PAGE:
Author Topic: .  (Read 2424 times)

Dmy0013

  • Stubble
  • **
  • Posts: 100
  • Location: Central Canada
.
« on: July 10, 2013, 08:17:38 AM »
.
« Last Edit: April 13, 2016, 09:36:25 AM by Dmy0013 »

CheckEngineLight

  • 5 O'Clock Shadow
  • *
  • Posts: 55
Re: Career Choices
« Reply #1 on: July 10, 2013, 08:44:45 AM »
Been there done that (working crazy hours, weekends,etc).  I am 30 now, between 22-26 I worked 60+ hours a week for 4 months straight (Accounting/Finance).  It was a form of paying my dues essentially to get to bigger and better places. 

What worked for me may not work for you, it really depends on how you handle stress and how much you let it affect you at work and outside of work.  I'd suck it up, I don't mean take abuse, but let this stuff roll off your shoulder and do the best that you can without doing anything drastic.  Don't quit either, the environment you are working in is just a ticking time bomb and something will give, either your boss, your co workers, etc.  If you get laid off at your level you should be able to get decent severence as well, so not worry.  Whatever you do, don't quit.

As far getting into trades, that doesn't come without its own problems.  Think it through, once you make up your mind try to take courses at night/weekend to do this career change while still getting paid.

totoro

  • Handlebar Stache
  • *****
  • Posts: 2103
Re: Career Choices
« Reply #2 on: July 10, 2013, 09:29:14 AM »
Get out.  Given that you have an option to become a plumber this level of stress, uncertainty and overtime is not worth $38/hour imo when you have another option. 

Who knows if you will even have a job in five years when you might have a kid too?  If the downsizing is deemed to be necessary for business reasons you will not get a huge buyout.  You might get 7 months max if it is not deemed necessary (net $29,000 or so), but there is no guarantee this offer would be made.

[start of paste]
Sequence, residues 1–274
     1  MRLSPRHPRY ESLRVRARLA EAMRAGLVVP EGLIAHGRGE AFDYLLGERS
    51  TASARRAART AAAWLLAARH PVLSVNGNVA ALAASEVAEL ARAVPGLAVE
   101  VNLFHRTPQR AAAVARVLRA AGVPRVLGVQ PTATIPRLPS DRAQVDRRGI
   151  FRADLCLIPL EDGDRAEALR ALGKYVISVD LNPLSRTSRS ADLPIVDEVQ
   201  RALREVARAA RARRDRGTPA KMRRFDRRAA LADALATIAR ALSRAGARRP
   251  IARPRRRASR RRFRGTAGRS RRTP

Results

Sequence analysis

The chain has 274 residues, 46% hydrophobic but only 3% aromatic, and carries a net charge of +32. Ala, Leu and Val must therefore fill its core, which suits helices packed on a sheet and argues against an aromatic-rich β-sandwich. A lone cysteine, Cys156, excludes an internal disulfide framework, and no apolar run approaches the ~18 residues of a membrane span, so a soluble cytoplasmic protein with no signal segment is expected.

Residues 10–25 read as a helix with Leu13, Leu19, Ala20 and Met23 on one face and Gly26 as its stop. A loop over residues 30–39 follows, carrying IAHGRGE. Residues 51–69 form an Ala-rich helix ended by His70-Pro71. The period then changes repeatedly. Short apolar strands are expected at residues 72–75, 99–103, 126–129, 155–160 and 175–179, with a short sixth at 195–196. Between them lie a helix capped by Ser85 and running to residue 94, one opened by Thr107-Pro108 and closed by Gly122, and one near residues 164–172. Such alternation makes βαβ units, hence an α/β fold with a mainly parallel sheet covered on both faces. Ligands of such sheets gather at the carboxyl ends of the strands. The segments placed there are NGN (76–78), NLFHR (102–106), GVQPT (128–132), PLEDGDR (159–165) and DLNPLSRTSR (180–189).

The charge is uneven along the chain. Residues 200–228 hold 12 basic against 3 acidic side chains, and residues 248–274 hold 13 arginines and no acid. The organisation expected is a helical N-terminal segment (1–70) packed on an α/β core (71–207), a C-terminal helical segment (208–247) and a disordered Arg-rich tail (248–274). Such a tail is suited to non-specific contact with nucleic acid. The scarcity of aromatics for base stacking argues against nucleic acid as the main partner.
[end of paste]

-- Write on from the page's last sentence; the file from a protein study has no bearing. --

If you are sure that being a plumber is a viable alternative for you I would take the $14/hr apprenticeship knowing that you will land in a much better place and have more options and trade.  You should do this now before kids come along if you plan to have them.


totoro

  • Handlebar Stache
  • *****
  • Posts: 2103
Re: Career Choices
« Reply #3 on: July 10, 2013, 10:10:58 AM »
Good.  The only issue I see with my friends/family who are plumbers is that it can be hard on your body.  If you are planning on retiring before 50 anyway I don't think this will be a problem.

Daleth

  • Handlebar Stache
  • *****
  • Posts: 1201
Re: Career Choices
« Reply #4 on: July 10, 2013, 10:52:41 AM »
You're not crazy at all. I think becoming a plumber may be a great plan! That is a job that can never be outsourced, it's a skill that lets you be Mustachian by doing your own plumbing (whether on your residence or on any future investment properties you may own), it's also Mustachian in that you don't need to buy fancy clothes to go to work in, and if it works anything like it does in the US, it gives you the option of total independence--working for yourself, if you want--as well as the union option. In other words it's flexible depending on your needs/wants at any given time. And it's highly HIGHLY unlikely to EVER be as stressful as your existing job has been every single day, or to ever require 80-hour weeks! And last but not least, a union plumber isn't going to be fired, and if he is fired, HE'S A PLUMBER with a very tangible skill that people pay good money for. That's a lot better than being a laid-off office worker.

Have you ever read "Shop Class as Soulcraft"? Here's a link. It is a BRILLIANT argument in favor of going into the skilled trades rather than office work. http://www.amazon.com/Shop-Class-Soulcraft-Inquiry-Value/dp/0143117467
« Last Edit: July 10, 2013, 10:54:54 AM by Daleth »